NEW YORK: Facebook announced Tuesday that it will invest $300 million dollars in various projects related to journalism, especially to promote local news, which has been hit hard in the digital age.
“Over the next three years, we will invest $300 million in news programs, partnerships and content,” Campbell Brown, Facebook’s vice president in charge of global news partnerships, said in a message posted on the social media site.
The move came at a difficult time for the news industry, which is facing falling profits and print readership. Facebook, like Google, has also been partly blamed for the decline in newspapers’ share of advertising dollars as people and advertisers moved online.
Campbell Brown, Facebook’s head of global news partnerships, acknowledged the company “can’t uninvent the internet”, but said it wants to work with publishers to help them succeed on and off the social network.
“The industry is going through a massive transition that has been underway for a long time,” she said. “None of us have quite figured out ultimately what the future of journalism is going to look like but we want to be part of helping find a solution.”
Facebook has increased its focus on local news in the past year after starting off 2018 with the announcement that it was generally de-emphasising news stories and videos in people’s feeds on the social network in favour of posts from their friends.
At the same time, though, the company has been testing ways to boost local news stories users are interested in and initiatives to support the broader industry. It launched a feature called “Today In” that shows people local news and information, including missing-person alerts, road closures, crime reports and school announcements, expanding it to hundreds of cities around the US and a few in Australia.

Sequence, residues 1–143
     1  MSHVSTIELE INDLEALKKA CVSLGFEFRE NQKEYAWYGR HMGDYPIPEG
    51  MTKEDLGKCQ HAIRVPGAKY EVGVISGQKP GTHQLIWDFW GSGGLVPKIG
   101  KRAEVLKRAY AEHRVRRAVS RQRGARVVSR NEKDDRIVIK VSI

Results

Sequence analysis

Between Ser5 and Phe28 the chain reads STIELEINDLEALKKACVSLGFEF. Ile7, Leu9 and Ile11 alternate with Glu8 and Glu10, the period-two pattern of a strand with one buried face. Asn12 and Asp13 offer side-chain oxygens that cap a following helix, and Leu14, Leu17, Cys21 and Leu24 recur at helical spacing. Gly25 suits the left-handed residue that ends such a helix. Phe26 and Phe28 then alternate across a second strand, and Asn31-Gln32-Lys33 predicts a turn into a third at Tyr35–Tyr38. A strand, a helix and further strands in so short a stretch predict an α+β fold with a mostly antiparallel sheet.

The US$300 million investment includes a US$5 million grant to the charity Pulitzer Centre to launch “Bringing Stories Home”, a fund that will provide local US newsrooms with reporting grants to support coverage of local issues. There’s also a US$2 million investment in Report for America as part of a partnership aiming to place 1,000 journalists in local newsrooms across the country over the next five years.
The idea behind the investments, Brown said, is to look “holistically at how a given publisher can define a business model”.
“Facebook can’t be the only answer, the only solution,” she said. “We don’t want the publisher to be dependent on Facebook.”
Fran Wills, CEO of the Local Media Consortium, which is receiving US$1 million together with the Local Media Association to help their member newsrooms develop new revenue streams, said she is optimistic the investment will help.
“I think they are recognising that trusted, credible content is of benefit not only to local publishers but to them,” she said.